romance

/Tag: romance

The secret history of Harlequin.

The very secret history of Harlequin, the most famous–and most misunderstood–name in romance. Interesting to note that, while a man founded the company, its tastes were formulated by his wife and female business partner. Women know what women want,1 which has always been both the romance genre’s strong suit (it’s almost entirely driven by women) and the reason everyone shits all over it (“ew girl cooties!”).

On the flip side, there’s an interesting quote from a mid-20th century editor in the article that reads, “You have to know who your reader is, be identified with him, know how to attract and hold him in bondage to the almost unbreakable habit (and habit is everything) of buying your product”. Not unreasonable, yeah? What’s interesting is that this is a male editor of the magazine (wait for it) Women’s Own. It’s possible there’s a bit of extra context around the quote that the article doesn’t include–it’s quoting from something that’s quoting from the dude–but the juxtaposition of the pronouns in the quote with the title of the magazine was… interesting.

Anyway, the article is long, but keep reading, because the ending talks more about the romance genre’s links to feminism and female desire, which I think are always topics worth thinking about.

Also one of the things worth thinking about is why there aren’t really “romance books for (straight) men”. I mean, why not? What would you even call a contemporary fiction novel told from the POV of a grieving cowboy widower who falls slowly in love with a high-powered city-living CEO? Or a novel told from the POV of a badass vampire hunter who falls for the very thing he’s supposed to be hunting? Gee. Let’s think about that one for a moment. I can’t possibly imagine what we’d call those books if not “romance”. Hmm.

… Yeah. Funny, some things, innit?

  1. Obligatory disclaimer: not all women know what all women want, obviously. But women know what they personally like, and thus tend to have a good idea on what other women like them will like. []
2017-11-16T11:19:57+10:008th May, 2015|Tags: publishing, romance|

It’s not real until a man does it.

The cherry on top of the condescension sundae is when [JA] Konrath seems to imply that the ire directed toward him by erotic romance authors is one of financial envy. The concern was never that [his] book would sell so incredibly well that all of us would be out here wailing and gnashing our teeth in seething want of the same professional success. The concern was that Konrath had made the statement that a book like his couldn’t have been written (again, not published, not self-published, not successfully marketed, but simply could not have been written) ten years ago, because the “mindset” didn’t exist. And when faced with the overwhelming evidence that yes, the erotic romance “mindset” existed prior to the time he had the idea to make money off it, he chose to repeatedly ignore both the proof of that and his own words. He blatantly refuses to admit that the “mindset” that creates feminist friendly, kinky books existed prior to the time he believes it did.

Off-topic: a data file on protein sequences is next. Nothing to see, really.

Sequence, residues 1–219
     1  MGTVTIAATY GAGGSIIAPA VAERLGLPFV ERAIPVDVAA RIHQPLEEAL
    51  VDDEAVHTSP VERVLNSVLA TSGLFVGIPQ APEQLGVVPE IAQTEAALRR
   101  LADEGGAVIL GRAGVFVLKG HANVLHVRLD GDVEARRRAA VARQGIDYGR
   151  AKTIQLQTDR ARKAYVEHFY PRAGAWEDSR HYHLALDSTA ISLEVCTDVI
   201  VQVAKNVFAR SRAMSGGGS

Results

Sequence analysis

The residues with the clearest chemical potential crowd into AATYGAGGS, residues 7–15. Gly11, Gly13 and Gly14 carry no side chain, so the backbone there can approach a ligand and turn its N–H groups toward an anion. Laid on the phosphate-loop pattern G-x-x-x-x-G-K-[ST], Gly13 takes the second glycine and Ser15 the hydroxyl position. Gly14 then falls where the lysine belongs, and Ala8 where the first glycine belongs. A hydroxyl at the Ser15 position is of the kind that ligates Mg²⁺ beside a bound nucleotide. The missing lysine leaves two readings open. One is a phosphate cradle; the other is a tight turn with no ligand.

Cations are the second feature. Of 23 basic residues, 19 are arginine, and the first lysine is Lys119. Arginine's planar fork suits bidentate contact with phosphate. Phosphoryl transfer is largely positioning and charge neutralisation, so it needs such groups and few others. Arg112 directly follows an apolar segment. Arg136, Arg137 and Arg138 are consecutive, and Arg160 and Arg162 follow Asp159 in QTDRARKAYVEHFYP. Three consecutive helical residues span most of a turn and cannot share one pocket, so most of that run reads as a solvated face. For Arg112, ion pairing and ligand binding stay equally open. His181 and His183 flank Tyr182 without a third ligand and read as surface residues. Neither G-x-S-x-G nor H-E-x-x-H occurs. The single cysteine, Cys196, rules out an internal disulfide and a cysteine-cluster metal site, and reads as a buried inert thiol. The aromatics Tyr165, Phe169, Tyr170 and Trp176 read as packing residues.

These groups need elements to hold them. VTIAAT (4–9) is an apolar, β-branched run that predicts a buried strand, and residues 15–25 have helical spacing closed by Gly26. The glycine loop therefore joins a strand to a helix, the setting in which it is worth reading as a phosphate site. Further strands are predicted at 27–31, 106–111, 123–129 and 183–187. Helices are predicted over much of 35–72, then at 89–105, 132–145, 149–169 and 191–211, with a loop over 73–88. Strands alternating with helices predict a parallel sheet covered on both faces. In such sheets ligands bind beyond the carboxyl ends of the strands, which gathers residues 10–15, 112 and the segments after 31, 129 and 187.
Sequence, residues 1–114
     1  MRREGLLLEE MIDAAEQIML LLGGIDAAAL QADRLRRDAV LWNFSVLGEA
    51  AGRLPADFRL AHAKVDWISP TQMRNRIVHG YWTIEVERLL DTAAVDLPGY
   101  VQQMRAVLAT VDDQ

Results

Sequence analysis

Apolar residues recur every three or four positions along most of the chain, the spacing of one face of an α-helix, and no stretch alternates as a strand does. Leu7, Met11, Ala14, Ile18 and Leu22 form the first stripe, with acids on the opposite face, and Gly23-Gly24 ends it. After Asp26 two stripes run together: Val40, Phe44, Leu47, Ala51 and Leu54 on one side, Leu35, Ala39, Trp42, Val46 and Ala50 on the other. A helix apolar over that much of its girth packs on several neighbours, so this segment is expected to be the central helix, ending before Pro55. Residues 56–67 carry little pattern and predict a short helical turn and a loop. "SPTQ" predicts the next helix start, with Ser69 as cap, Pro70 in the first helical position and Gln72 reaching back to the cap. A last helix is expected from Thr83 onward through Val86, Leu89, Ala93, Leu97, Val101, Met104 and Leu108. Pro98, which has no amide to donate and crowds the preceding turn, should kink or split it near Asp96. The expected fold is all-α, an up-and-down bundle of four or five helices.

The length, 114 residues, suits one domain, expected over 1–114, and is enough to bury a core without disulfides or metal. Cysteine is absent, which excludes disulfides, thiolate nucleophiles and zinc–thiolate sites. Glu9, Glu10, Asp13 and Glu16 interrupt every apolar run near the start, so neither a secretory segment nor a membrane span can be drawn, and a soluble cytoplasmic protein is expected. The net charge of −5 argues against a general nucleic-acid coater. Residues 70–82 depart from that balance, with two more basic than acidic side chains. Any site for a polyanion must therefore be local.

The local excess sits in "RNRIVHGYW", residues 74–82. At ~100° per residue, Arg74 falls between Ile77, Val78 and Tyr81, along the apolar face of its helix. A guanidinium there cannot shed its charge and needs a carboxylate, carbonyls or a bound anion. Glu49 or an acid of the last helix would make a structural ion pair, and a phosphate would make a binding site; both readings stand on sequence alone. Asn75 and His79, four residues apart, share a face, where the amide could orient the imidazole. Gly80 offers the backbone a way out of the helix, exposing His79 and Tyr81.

–Jenny Trout on men “discovering” things.

A bit old now, but still. (And when I say “a bit old” I mean “by centuries, at least”.)

2015-02-04T08:38:45+10:0011th February, 2015|Tags: jenny trout, romance, writing|

Romancefic.

[My sister] brought me bags full of [romance novels] and I started reading. I thought, because academia had trained me to think so, that they would be dull and suburban and the opposite of hip. In some cases, they were.

But in many others, they were not. They were fresh and exciting, about women in towns all over America, doing all kinds of things, and about men who were engaged in as many pursuits, with as much damage as the women. I studied the writers I most admired, like Rebecca Flanders (who writes now as herself, Donna Ball) and noted when they broke the rules. I took apart the best ones and figured out why I loved them.

Mostly, I recognized was that I could write about plum jam and the pleasure to be found in finding a good partner and in children. Is that a small subject? Not when you’re engaged in it.

–Barbara O’Neal on romance.

While I think O’Neal elides over the obvious–romance is reviled because it is (considered) a “women’s thing for women”–I can’t help nodding along with the article and thinking of fanfic.